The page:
THE majority of Everton's players may be away sunning themselves this week, but the manager is working harder than ever. David Moyes' holiday plans will have to wait as he scours the transfer market for signings to bolster his thinning Goodison squad. Six senior players have departed the club in the last three months. Niclas Alexandersson was the first to leave, released from his contract early to complete a move to Gothenburg. He has been followed by Steve Simonsen, Paul Gerrard, Scot Gemmill, David Unsworth and Francis Jeffers. The majority were surplus to requirements, although Unsworth opted for Bolton ahead of a two-year extension offered by the Blues. But the departures leave the squad painfully short of cover. So Moyes has little option but to spread his modest transfer budget as thinly as possible.. Moyes has only confirmed his interest in three prospective signings: Joe Cole, Alan Smith and Paul Dickov. Russian Dmitri Bulykin, a long-term target, could arrive after Euro 2004. The bid for Smith was doomed because of Manchester United's determination to sign the Leeds ace. And the future of Cole, who Moyes would like on a season- long loan, will not be known until Jose Mourinho has settled into his Chelsea hotseat. But Dickov could be a Blue within weeks. The £100,000 release clause in his Leicester deal has made him an obvious target. The 31-year-old Scot will holds talks with Moyes this weekend but Blackburn, Portsmouth, Birmingham and West Brom are also keen to exploit the value-for-money deal. Dickov would provide competition to Wayne Rooney and Tomasz Radzinski, with Duncan Ferguson and Kevin Campbell both entering the final year of their contracts. However, it is in midfield and defence where Moyes' priorities lie. As a free agent, Martin Keown fits the bill financially. But, at 37, he is deemed too old - even though the ex-Blue is felt to be keen on a return. With Alan Stubbs and David Weir both in their 30s and with just 12 months of their contracts remaining, youth is a priority.
Centre-back Martin Laursen fitted Moyes' plans ideally. But Aston Villa stumped up the £3m fee and the Dane is now bound for the Midlands. At 26, Rangers' Craig Moore is also the right age. The Australian international gave a huge hint that Everton are chasing him by unconvincingly side-stepping the question live on Aussie TV last weekend. Talks on a new Ibrox deal have stalled and he would be available for £2m. Moore is a far more realistic target than Daniel van Buyten - linked with the club but out of their price range. Mario Melchiot, the Dutch defender released by Chelsea has been ruled out because of wages. Birmingham's out-of-favour Darren Purse would welcome a switch to Goodison. But a more likely target is PSG centre-back Jose Pierre-FanFan. The prospect of paying £2.5m for a 24-year-old ex-Monaco defender could tempt Moyes. In midfield, the manager is equally keen to add youth and aggression. Sean Davis may be in talks to extend his Fulham contract, but reports suggest Davis, who was within hours of a £5m move to Everton last summer, could be available for a cut-price £3m. Chris Coleman's interest in Radzinski has heightened speculation, but Moyes is keen to keep hold of the Canadian - unless he makes it clear he will not sign the two-year contract still on the table. Nicky Butt is an alternative after failing to secure a regular first-team place at Manchester United, and the 29-year-old has made it clear Everton would be a welcome destination. But the club would be unable to match his hefty pay packet. That is a problem set to dog Moyes throughout the summer. He is working around the clock to balance his need to add quality with his need to do so on a budget. The manager wants new faces sooner rather than later. But the Moyes family will probably have to wait for a break in the sun.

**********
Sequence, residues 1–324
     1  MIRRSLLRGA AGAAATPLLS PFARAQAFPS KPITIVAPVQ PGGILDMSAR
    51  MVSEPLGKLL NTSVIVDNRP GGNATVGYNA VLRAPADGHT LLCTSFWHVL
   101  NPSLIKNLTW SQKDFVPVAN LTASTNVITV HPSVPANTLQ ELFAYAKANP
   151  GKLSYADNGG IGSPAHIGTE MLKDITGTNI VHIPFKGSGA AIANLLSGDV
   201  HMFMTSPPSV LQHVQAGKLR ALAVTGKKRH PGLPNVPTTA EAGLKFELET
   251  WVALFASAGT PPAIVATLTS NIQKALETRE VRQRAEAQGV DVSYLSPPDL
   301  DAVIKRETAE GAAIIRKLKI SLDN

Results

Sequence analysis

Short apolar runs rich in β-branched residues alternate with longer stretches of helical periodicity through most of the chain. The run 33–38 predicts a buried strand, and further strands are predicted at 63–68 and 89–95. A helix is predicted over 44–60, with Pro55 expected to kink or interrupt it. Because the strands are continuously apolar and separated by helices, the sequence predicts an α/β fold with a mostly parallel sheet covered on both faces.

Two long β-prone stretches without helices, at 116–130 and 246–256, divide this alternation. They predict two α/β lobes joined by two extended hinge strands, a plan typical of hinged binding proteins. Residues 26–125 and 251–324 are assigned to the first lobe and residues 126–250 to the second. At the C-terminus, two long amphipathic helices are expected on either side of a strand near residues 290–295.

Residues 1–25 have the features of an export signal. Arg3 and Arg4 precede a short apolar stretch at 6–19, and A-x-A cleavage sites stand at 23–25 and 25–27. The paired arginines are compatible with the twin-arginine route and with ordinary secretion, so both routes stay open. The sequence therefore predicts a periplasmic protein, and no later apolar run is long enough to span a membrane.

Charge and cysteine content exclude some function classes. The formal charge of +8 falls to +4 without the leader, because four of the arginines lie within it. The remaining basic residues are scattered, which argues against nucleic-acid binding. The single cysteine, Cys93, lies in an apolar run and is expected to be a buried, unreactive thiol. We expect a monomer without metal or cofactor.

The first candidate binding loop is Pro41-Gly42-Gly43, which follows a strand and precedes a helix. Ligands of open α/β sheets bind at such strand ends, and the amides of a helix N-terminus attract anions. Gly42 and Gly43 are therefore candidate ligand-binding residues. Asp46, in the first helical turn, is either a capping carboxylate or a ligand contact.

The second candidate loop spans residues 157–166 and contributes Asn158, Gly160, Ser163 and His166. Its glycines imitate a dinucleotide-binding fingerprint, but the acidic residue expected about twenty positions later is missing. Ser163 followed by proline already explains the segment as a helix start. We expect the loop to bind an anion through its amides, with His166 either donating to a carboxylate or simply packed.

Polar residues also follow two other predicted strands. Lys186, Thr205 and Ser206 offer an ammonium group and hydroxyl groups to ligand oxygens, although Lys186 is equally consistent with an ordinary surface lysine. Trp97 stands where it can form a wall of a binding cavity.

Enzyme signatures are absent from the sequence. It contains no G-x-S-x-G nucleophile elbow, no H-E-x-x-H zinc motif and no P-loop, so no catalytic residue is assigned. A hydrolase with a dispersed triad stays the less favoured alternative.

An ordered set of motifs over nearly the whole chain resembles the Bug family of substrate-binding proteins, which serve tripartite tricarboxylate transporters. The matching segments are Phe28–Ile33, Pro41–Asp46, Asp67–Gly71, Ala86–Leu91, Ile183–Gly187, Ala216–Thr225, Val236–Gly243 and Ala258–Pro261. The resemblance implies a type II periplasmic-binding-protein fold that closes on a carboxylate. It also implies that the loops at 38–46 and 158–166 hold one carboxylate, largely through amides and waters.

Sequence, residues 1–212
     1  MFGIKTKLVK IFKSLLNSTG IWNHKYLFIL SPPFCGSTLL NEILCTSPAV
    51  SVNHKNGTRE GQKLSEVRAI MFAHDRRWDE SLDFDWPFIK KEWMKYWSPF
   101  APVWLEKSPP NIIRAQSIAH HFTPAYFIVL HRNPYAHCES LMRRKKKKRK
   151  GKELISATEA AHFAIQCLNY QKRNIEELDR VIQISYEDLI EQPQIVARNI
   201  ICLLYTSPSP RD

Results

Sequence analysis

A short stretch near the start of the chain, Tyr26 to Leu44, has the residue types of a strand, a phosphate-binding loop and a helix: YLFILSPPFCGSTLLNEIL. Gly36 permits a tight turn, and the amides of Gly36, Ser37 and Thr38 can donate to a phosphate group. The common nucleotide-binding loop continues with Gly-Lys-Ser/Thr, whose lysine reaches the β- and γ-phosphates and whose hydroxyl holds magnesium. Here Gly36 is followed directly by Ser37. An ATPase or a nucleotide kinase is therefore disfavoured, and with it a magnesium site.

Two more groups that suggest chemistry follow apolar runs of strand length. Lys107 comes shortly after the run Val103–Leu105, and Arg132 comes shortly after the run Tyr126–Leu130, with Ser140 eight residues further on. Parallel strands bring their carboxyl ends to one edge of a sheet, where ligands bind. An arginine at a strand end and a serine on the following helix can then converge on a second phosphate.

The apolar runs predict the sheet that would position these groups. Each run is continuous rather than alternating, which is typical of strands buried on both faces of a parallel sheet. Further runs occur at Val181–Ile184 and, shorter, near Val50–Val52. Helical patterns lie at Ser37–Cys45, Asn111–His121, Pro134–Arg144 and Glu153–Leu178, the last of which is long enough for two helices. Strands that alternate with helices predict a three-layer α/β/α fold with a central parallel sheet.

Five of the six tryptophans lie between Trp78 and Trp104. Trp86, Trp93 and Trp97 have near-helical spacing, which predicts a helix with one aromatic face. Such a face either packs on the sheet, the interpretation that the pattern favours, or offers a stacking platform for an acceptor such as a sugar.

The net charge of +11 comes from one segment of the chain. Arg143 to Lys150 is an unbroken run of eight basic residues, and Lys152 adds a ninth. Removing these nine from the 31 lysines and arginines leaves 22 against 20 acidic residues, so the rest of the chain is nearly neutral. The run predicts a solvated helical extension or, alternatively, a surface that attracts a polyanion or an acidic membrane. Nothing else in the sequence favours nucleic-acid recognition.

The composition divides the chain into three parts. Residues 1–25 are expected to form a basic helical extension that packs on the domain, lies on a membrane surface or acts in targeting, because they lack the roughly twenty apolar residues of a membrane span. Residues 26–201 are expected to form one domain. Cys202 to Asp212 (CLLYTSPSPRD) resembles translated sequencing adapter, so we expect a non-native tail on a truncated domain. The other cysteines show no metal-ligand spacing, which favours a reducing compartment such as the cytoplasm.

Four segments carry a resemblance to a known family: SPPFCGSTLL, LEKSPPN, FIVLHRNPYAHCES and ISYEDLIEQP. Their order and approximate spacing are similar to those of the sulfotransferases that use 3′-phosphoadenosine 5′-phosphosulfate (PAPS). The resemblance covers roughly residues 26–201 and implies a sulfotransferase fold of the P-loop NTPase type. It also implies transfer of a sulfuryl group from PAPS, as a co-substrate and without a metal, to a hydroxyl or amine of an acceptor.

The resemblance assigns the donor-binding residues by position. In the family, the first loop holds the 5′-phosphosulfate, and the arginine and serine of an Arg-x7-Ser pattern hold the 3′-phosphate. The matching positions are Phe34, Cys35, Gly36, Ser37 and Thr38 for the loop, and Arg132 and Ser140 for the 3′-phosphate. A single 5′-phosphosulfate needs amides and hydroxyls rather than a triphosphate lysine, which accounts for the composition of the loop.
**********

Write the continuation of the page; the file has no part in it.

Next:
Faddy: I'll repay the faith
May 28 2004 Liverpool Echo